We're Gonna Get BuildingWe're Gonna Get Building

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We're Gonna Get Building

We're gonna get building! Well, that's not quite accurate. Although we know a lot about building, we are not actually builders, which means we get away without doing the actual, physical labor. However, that does not mean we're not involved. We do to great lengths to write articles about construction and contractors on this blog. Some articles are about a specific type of construction. Others are about the process of becoming a contractor. We find that our readers like variety, and so we've done our best to accommodate that. We hope that whatever you read on this website, you learn something useful.

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3 Important Things To Know About A Home Inspection When Buying Or Selling A House

A home inspection is a necessary part of buying or selling a house. As a buyer, you want to make sure there are no serious problems with a home before you buy it. As a seller, you want to know about problems in advance so you can fix the ones you can and adjust the price of your home accordingly. Here are some important things to know about having a home inspection.

The Seller Has To Disclose Problems That Are Found

If you're selling a house and have an inspection done before you list your home for sale, you are required to let the buyer's agent know about all problems that are found. While you might be aware of some problems, such as an HVAC that's near the end of its life, you might not know about outdated plumbing pipes the new owners might need or want to replace. Still, it's better for both sides to know about the condition of your home so a potential sale doesn't fall through at the last minute and prolong the time your house is on the market.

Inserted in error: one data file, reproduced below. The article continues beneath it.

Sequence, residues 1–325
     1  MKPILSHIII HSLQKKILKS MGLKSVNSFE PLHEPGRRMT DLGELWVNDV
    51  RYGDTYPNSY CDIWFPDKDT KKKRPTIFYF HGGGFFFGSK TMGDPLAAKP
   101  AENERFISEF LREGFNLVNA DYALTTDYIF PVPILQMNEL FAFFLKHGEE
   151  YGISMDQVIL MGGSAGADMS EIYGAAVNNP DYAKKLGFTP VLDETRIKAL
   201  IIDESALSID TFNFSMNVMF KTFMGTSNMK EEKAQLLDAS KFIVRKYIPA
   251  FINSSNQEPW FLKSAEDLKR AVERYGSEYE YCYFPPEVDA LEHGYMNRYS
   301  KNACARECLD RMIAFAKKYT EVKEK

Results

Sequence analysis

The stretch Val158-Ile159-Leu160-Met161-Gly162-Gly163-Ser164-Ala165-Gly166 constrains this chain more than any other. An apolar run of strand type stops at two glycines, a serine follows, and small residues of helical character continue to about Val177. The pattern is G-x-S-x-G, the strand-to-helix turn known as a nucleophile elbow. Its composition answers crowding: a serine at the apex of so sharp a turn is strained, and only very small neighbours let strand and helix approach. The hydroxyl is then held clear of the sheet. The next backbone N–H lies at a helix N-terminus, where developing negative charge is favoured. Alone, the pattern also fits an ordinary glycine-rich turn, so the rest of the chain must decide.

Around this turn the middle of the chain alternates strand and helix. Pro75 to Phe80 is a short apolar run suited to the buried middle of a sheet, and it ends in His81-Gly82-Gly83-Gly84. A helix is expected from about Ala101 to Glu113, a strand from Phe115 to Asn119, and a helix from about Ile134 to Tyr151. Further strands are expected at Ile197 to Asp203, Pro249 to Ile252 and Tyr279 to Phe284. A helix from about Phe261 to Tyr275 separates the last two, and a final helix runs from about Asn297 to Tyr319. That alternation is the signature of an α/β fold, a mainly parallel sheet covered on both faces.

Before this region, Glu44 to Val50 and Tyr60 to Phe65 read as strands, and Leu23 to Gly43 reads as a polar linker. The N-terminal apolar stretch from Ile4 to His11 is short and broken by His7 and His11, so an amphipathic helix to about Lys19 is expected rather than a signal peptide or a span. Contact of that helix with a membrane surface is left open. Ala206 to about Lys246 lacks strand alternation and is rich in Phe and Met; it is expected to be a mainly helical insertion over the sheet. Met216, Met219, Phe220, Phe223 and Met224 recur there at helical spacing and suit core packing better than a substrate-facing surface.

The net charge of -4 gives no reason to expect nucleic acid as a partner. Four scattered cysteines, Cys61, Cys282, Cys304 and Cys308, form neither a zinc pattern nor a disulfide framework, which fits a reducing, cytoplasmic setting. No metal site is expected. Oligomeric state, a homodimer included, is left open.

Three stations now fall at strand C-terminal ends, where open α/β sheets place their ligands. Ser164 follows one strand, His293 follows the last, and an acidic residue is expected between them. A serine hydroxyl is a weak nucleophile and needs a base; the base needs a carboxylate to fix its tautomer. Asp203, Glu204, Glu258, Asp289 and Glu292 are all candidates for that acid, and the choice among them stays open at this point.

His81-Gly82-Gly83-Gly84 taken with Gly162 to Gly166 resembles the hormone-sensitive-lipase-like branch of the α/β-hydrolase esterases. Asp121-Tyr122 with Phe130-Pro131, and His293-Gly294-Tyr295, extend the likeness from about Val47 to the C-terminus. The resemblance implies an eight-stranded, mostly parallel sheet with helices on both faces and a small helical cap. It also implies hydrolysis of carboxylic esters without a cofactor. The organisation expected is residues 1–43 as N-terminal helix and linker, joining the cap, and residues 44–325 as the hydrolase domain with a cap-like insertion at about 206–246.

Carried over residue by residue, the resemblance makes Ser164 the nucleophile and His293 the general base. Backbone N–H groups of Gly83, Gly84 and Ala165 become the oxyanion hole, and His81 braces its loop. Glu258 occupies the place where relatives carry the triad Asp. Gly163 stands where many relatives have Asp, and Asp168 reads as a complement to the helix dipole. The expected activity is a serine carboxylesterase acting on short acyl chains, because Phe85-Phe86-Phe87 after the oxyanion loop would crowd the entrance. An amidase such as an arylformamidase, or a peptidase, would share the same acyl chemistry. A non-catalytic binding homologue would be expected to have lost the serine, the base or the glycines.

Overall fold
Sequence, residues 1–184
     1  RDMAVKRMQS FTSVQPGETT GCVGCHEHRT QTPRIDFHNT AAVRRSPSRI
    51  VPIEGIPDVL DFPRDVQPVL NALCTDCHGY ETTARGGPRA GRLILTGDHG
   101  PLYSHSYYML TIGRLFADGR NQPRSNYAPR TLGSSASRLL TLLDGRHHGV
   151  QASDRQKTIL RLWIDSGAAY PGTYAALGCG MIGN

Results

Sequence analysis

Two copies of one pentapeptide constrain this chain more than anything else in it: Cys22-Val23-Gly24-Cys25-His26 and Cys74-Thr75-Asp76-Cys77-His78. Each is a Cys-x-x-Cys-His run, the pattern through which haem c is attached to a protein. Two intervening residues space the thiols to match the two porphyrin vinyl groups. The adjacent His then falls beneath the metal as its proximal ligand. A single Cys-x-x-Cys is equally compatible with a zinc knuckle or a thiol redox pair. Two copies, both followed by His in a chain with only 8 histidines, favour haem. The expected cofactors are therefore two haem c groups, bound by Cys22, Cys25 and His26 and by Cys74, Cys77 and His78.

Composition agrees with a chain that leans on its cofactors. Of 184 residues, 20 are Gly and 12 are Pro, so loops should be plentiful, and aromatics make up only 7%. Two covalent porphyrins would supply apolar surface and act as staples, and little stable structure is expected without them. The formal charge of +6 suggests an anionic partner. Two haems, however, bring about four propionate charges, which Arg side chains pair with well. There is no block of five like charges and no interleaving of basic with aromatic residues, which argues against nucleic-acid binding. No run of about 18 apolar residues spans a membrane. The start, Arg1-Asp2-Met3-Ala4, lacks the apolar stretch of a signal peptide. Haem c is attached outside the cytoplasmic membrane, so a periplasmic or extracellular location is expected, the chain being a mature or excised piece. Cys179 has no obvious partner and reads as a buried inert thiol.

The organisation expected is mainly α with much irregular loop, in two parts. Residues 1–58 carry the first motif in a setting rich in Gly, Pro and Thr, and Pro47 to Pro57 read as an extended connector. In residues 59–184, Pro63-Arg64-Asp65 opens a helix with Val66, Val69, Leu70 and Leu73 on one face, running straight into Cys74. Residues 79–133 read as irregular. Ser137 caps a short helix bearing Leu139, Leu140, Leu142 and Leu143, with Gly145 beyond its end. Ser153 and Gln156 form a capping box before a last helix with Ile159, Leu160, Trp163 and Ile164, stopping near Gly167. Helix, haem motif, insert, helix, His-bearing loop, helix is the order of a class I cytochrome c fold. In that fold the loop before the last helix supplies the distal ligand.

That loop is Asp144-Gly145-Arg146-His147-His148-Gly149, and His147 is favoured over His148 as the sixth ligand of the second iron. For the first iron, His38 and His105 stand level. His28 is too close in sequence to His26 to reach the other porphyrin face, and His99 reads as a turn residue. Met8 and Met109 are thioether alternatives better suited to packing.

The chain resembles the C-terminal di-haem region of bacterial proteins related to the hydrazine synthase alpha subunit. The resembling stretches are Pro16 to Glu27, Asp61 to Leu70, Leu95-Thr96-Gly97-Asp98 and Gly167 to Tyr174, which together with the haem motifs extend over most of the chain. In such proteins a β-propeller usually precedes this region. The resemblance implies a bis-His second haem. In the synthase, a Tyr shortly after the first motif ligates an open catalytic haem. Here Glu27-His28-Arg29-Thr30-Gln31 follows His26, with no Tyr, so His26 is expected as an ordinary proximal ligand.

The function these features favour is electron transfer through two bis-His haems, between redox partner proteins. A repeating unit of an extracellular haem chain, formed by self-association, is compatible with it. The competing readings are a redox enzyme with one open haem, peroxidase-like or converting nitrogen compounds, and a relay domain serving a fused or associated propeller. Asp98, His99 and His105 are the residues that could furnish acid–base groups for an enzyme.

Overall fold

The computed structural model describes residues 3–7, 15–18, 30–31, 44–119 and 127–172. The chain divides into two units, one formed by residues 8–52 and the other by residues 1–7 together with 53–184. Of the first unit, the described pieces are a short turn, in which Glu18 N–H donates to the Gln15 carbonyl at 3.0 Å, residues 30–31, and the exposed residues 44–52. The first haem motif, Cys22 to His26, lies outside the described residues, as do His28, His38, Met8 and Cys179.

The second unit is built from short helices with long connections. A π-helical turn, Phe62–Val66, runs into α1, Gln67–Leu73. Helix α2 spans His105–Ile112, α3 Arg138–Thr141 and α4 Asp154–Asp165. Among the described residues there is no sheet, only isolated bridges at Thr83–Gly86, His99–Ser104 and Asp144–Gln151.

A Home Inspection Targets Accessible Areas

As a buyer, you should be aware that a home inspector doesn't move a lot of things around or try to access areas that aren't readily accessible. For example, a video inspection of the sewer line wouldn't be done unless you order one separately. The inspector may note on the report that stacks of storage boxes, clutter, or furniture blocked a wall so you're aware of parts of the home that couldn't be viewed during the inspection.

Since not being able to access these spots could be troubling to a potential buyer, if you're the seller of the home, you should try to make as much of the home accessible as possible. Your agent can give you tips on how to prepare your home for an inspection so it doesn't appear as if you're trying to hide damage.

Testing Isn't Done For Environmental Hazards

As a buyer, you're concerned about whether a house has mold, lead, or asbestos. However, a typical home inspection doesn't test for these environmental hazards. However, an inspector has enough skills and experience to suspect when environmental hazards could be present.

For instance, if there are signs of water damage to the ceilings, floors, or walls, the inspector may consider if mold is present too. Or if it looks like your property is sloped so rain rolls toward the foundation and the basement has a musty odor, the inspector may wonder if the basement has problems with moisture and if mold may be growing in a hidden area.

While the inspector can't say for sure if environmental hazards are present unless they can be seen, if they suspect there is a problem with mold, lead, or asbestos, they might suggest further testing be done that's beyond the scope of a typical home inspection.